Be sure to follow instructions and use the seat correctly, with the straps connected. Avoid high surfaces to reduce the risk of falling. Seats like the Bumbo Seat should be used for only a limited time, when you need to keep your baby upright and still, like during meals.

Pediatric physical therapist Rebecca Talmud, DPT, explains that when children are placed in a seated position too early or for long periods of time, it may interfere with their development of skills.

In other words, while your baby may indeed be seated upright, they aren’t working on the critical trunk and head control that will best develop when they’re practicing new body movements on their own.

You may want to wait until your baby is closer to reaching the sitting milestone to use a baby seat. Instead of propping your baby at 3 months old, consider waiting until sometime between 6 and 8 months. And don’t rely on this seat as baby’s sole tool for practice.

When your baby is just learning how to sit with support, you may want to sit with them between your legs so you’re supporting them on all sides. You may also use pillows as props, but don’t leave your baby unattended when propped.

While your baby may not be cruising around just yet, sitting is a sign that you may want to babyproof your house in preparation for more mobility. You may want to:

  • Use outlet covers in all rooms.
  • Secure other items or areas accordingly. You can find things like cabinet locks, toilet locks, furniture anchors, baby gates, and other babyproofing supplies at most big box and hardware stores.
  • Keep any choking hazards, poisonous materials, and other dangerous items out of baby’s reach. It may even help to get on the floor at your baby’s level to look for potential hazards.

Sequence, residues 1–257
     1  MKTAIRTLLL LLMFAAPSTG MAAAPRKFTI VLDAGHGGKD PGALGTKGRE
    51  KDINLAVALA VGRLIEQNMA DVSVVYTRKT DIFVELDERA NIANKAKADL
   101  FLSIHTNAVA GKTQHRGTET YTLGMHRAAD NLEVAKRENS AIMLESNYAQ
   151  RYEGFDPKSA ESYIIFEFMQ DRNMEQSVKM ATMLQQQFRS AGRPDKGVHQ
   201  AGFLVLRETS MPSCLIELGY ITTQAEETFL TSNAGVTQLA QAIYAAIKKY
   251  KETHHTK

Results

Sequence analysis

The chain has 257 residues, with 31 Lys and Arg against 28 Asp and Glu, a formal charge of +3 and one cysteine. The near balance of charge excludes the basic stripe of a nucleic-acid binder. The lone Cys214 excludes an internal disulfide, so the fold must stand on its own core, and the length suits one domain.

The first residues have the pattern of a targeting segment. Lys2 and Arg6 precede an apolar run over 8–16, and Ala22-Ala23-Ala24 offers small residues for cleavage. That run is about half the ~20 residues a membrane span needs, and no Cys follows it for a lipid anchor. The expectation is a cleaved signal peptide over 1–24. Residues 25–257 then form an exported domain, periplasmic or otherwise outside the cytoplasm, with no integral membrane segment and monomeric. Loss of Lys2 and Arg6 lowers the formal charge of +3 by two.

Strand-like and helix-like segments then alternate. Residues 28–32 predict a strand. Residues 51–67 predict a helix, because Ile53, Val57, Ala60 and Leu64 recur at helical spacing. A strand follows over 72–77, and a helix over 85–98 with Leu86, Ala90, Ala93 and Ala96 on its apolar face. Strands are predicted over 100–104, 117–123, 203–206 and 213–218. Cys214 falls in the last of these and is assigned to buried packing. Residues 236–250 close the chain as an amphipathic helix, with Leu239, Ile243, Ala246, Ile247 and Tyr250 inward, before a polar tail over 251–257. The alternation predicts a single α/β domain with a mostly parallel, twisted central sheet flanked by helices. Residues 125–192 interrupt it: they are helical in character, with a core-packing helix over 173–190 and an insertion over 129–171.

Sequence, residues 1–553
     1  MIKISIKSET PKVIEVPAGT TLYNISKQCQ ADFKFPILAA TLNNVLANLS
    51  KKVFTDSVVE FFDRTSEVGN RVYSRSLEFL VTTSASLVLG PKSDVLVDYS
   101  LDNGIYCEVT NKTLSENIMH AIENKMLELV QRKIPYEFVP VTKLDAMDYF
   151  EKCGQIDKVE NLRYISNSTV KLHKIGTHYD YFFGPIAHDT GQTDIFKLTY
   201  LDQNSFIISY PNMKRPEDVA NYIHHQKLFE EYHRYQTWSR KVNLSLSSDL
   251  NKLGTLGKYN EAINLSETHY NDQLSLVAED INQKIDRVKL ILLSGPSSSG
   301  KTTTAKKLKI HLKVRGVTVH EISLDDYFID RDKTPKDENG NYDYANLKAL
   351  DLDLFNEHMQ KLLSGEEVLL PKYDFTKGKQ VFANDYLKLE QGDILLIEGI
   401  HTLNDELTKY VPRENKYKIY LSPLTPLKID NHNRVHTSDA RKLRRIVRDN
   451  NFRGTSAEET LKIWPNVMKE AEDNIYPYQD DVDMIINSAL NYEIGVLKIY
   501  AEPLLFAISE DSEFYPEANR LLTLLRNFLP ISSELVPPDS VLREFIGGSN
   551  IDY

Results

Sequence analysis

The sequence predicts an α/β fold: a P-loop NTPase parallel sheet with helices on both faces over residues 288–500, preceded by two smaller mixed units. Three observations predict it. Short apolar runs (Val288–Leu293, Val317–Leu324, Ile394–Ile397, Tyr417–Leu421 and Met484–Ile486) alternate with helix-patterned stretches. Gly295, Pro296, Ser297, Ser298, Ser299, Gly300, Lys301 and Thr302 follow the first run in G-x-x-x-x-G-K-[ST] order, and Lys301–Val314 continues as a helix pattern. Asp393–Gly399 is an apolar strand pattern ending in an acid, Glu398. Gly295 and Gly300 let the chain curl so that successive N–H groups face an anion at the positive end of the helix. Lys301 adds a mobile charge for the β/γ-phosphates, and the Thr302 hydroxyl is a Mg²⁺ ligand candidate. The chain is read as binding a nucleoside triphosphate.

• Once baby is sitting, adjust their crib mattress to a lower setting. Pulling up isn’t far behind this milestone, and babies practice their motor skills at all different times of the day, even when they should be sleeping.
  • Fasten safety belts on high chairs and other sitting devices. Sitting independently takes a lot of strength. Your baby may need the extra support from the straps. And do not place seats on elevated surfaces or in or near water.

Be sure to attend regularly scheduled well visits to monitor your child’s growth and development. If baby isn’t sitting on their own by age 9 months, contact your pediatrician.

It may be good to act sooner, especially if your baby is close to 9 months and cannot sit with support. Development varies from baby to baby, but this may be a sign of a gross motor skill delay.

Other possible signs of motor delay include:

  • stiff or tight muscles
  • floppy movements
  • baby reaching with only one hand over another
  • lack of strong head control
  • baby not reaching for or bringing objects to mouth

If you suspect your child may have a delay, there is help. First, speak with your doctor or nurse. They may refer you to services for infants and young children, like your state’s public early intervention program.

You may also seek information online on the Centers for Disease Control and Prevention (CDC) website or, in the United States, by calling 800-CDC-INFO (800-232-4636).

So, what exactly comes next? Again, it varies from baby to baby. In general, though, you might expect the following progression as your child gets closer to their first birthday:

  • pulling up to a standing position
  • creeping and crawling on the floor
  • cruising furniture and first supported steps
  • walking on their own

Once your baby is sitting, try fostering their independence further by practicing the transition from the floor to sitting. Practice will help strengthen all their core muscles and help them gain confidence in this very new position.

Toys that engage play in this position may also be useful. Consider trying one of these types of toys, available online or at most local toy stores (always check to see that the toy you choose is safe for your baby’s age):